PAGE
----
The network level

We now shift our perspective from the level of modification systems to the network level. From our studies above, we find that biphasic dose responses are readily seen in basic protein modification systems in cell signaling, requiring only minimal ingredients (enzyme sharing, sequestration, and multiple modification) which are widespread and readily encountered in cellular systems.

Cellular signal processing is largely dependent on networks involving protein modifications and thus the consequence of biphasic response at a node within a network can fundamentally alter network response. In addition to this, the widespread occurrence of biphasic responses (hormesis) at many levels is well-documented. These observations lead us to examine the consequences of such biphasic responses at the network level, by exploring the implications of biphasic interaction/regulation patterns. All in all, biphasic responses at the network level could be generated by (a) network topologies which facilitate this (b) complex biochemistry at a single node (as seen above), or (c) complex biochemistry (or implicit network structures) which may give rise to biphasic responses in a species not explicitly present as a node. It is this last case which we examine first, before turning to the other two cases. Here in effect, the problem reduces to the incorporation of the biphasic response in a network label/arrow (i.e. interaction pattern). For all relevant models, and how biphasic interaction/regulation is described, please see models and methods and Supplementary file 1, section 5.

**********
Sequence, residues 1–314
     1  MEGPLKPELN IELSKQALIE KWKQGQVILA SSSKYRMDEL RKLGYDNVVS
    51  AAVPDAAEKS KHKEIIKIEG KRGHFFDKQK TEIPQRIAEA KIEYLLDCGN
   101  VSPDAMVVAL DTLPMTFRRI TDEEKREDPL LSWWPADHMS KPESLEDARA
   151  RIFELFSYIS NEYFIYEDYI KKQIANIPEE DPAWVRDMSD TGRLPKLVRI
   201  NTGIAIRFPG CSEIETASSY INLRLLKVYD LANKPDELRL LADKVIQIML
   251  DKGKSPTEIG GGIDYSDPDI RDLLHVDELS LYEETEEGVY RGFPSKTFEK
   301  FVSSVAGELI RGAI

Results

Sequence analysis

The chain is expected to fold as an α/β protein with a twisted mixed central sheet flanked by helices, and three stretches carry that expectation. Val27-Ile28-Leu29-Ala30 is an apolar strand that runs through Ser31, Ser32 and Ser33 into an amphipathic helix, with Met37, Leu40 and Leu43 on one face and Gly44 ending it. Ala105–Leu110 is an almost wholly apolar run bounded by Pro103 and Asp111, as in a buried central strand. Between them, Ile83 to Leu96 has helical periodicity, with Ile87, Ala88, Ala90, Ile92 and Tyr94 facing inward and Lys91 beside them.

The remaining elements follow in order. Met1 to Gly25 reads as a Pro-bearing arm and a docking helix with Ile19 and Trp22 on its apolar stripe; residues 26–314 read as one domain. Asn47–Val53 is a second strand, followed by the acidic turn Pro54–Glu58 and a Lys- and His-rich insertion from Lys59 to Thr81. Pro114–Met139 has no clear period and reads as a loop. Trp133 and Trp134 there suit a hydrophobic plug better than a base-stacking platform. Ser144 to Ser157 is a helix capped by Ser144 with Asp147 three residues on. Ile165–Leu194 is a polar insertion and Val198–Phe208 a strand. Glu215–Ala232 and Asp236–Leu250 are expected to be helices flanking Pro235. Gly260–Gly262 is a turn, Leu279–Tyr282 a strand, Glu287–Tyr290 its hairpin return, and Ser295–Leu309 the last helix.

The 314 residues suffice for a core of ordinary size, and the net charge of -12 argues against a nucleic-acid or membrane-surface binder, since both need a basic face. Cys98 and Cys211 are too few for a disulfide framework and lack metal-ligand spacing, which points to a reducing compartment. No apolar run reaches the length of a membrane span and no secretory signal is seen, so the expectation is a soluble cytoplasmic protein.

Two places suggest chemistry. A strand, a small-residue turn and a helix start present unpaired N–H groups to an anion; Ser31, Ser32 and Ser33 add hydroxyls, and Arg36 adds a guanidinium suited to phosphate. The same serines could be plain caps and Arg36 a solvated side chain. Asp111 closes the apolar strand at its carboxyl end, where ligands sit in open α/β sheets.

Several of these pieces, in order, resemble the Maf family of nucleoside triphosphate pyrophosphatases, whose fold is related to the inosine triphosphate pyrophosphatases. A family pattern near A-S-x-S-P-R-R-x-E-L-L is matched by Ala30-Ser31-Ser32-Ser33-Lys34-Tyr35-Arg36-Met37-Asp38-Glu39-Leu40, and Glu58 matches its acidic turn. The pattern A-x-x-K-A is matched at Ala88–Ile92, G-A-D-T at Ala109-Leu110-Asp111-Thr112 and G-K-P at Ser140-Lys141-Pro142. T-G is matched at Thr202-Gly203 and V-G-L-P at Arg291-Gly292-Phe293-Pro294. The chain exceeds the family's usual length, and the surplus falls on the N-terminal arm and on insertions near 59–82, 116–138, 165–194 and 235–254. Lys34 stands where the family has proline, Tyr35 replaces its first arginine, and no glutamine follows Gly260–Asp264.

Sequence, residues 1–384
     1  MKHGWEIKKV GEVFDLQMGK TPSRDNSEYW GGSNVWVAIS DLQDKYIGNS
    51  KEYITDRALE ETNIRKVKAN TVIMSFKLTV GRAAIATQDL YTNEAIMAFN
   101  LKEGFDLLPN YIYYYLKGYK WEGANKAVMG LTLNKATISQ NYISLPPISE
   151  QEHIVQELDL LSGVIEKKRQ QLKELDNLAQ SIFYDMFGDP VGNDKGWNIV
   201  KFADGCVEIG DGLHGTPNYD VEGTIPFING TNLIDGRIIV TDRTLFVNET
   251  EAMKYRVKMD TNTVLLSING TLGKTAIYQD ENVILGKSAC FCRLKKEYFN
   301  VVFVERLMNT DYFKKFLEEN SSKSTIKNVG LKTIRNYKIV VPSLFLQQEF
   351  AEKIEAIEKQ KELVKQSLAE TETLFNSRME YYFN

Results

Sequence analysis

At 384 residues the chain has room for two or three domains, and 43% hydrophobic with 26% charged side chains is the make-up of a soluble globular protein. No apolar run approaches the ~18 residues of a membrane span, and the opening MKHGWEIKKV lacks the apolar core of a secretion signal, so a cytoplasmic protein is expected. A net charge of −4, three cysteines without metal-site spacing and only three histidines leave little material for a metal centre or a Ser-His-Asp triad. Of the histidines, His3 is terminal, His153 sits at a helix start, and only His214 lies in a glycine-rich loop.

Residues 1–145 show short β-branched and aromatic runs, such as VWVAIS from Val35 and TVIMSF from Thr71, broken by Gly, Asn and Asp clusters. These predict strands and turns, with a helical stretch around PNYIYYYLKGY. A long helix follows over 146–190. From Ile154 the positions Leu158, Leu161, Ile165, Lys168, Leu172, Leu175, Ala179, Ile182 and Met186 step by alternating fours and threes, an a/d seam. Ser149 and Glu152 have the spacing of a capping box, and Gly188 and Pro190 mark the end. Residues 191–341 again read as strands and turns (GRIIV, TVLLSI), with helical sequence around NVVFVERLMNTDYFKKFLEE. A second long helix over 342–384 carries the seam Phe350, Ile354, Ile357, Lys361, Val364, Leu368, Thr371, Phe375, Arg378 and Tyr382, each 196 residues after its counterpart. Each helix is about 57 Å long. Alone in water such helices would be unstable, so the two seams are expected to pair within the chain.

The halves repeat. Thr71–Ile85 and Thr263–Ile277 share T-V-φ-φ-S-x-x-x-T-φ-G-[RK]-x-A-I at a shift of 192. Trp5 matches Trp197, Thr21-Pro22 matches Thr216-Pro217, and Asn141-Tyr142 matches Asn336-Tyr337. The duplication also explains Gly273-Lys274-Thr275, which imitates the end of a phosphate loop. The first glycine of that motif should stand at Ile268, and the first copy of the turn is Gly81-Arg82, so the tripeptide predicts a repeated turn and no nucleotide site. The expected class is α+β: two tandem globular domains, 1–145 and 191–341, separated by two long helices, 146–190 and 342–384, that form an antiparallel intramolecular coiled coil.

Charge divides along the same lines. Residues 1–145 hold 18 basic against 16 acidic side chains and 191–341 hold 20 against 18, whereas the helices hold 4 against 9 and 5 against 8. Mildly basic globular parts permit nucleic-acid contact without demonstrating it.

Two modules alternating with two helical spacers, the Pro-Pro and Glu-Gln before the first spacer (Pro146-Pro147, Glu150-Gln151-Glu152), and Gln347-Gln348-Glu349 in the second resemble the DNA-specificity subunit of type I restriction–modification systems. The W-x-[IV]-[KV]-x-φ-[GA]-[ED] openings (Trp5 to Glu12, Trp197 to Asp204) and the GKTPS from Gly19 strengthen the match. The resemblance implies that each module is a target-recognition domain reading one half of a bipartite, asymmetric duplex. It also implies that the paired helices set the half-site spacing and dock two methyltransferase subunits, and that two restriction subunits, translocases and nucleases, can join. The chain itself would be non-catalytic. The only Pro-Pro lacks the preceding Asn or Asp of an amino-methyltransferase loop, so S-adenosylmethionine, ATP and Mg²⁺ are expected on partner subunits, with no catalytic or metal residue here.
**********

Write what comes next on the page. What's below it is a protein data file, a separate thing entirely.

Organization of results

We probe the impact of a biphasic interaction pattern in a network. To do this, we first probe the effect of biphasic regulation by signal of a basic covalent modification cycle (a representative node of a network). We then explore the impact of biphasic regulation internal to networks, by examining ubiquitous network motifs (feedforward and feedback motifs). Finally, we explore the interplay of biphasic regulation, interaction, and biphasic behavior intrinsic to a node in a network, the later arising from substrate modification biochemistry.

Biphasic interactions within signal regulation